- Adam Rittenberg, ESPN Staff Writer
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LINCOLN, Neb. -- The belief that Nebraska would waltz through the Big Ten in Year 1 as a league member turned out to be farfetched.
Or perhaps it was just premature.
While expectations outside the Huskers program might be a bit more tempered heading into the 2012 season, the bar certainly has been raised inside the walls of the Osborne Athletic Complex. Just listen to a guy not known for making bold statements, or, for that matter, many statements at all.
"If we don't go to the national championship, I'll be pretty disappointed," junior quarterback Taylor Martinez told ESPN.com, echoing a sentiment he has voiced during the spring. "If you don't set your goals high, I don't know why you'd be playing football."
Nebraska hasn't won a conference championship since 1999, and hasn't played for a national championship since the 2001 season. The Huskers have won 38 games in the past four seasons under Bo Pelini and reached back-to-back Big 12 title games in 2009 and 2010, but they'll need to take some major steps this fall to put themselves in position to make a run for Miami.
Martinez and his teammates think they can get there. It's why when they break the huddle in practice, they shout, "BCS!"
"We're just trying to get into everybody's head," Martinez said, "knowing that we will be going to the BCS."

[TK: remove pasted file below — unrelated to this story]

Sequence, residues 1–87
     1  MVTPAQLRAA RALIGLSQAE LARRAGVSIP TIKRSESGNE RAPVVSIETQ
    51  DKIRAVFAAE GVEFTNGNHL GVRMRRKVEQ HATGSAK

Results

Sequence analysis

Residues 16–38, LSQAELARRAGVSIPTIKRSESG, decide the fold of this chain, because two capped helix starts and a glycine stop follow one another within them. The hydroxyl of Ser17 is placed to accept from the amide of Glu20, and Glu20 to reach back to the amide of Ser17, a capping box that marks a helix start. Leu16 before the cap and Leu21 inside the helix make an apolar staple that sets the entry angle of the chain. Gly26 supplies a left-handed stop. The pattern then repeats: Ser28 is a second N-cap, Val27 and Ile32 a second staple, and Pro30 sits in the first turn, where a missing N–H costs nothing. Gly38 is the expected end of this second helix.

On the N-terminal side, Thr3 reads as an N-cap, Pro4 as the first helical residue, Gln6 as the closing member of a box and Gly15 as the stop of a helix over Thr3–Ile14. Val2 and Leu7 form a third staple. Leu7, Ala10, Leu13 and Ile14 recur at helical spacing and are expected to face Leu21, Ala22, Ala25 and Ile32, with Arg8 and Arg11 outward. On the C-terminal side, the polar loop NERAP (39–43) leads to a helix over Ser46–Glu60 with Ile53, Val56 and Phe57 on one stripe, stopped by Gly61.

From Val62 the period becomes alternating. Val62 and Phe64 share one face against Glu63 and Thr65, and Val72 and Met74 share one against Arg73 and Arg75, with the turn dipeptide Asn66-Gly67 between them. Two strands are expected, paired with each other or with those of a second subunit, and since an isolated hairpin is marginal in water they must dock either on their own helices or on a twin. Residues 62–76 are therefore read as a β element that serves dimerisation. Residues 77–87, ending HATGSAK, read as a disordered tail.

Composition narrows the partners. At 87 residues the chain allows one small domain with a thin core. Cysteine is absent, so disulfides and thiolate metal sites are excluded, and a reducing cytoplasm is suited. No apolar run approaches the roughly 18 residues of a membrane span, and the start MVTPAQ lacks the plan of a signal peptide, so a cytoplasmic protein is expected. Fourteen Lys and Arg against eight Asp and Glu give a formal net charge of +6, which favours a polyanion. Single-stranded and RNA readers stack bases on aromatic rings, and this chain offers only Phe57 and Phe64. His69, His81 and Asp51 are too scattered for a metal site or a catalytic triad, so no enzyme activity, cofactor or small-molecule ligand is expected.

Nebraska was a confident team a year ago, especially on the defensive side, where stars like Jared Crick, Lavonte David and Alfonzo Dennard returned. And at times, the Huskers looked to be an elite squad, never more so than when they thrashed eventual Legends division champion Michigan State at Memorial Stadium.
But players and coaches both have acknowledged the Huskers struggled to handle success. A week after the Michigan State triumph, they were outplayed at home by a Northwestern team that had lost five straight games.
"You saw it all over the country where teams were coming off big wins and it seemed like they took a step back, thinking that 'We're doing OK now,'" tight end Ben Cotton said. "That goes with any team, especially a young team. Now with these guys coming back for another year, that shouldn't be as much of an issue for us."
Nebraska has stressed details throughout the offseason. During the winter, the offense had one player from each position group teach an element of the offense to the entire unit each week. The group then took a test. If it failed -- more than two wrong answers equaled an F -- the process would start again.
"They all passed," Martinez said of his lesson, which was on handling a certain blitz scheme.
At least 12 more tests await this fall. The Huskers will be ready.
"We've got our eyes on the Big Ten championship," Cotton said. "We've spent a lot of extra time meeting as groups, meeting as positions, and as an entire team, trying to improve the chemistry, the leadership, and really getting things back on track to a championship-level around here."
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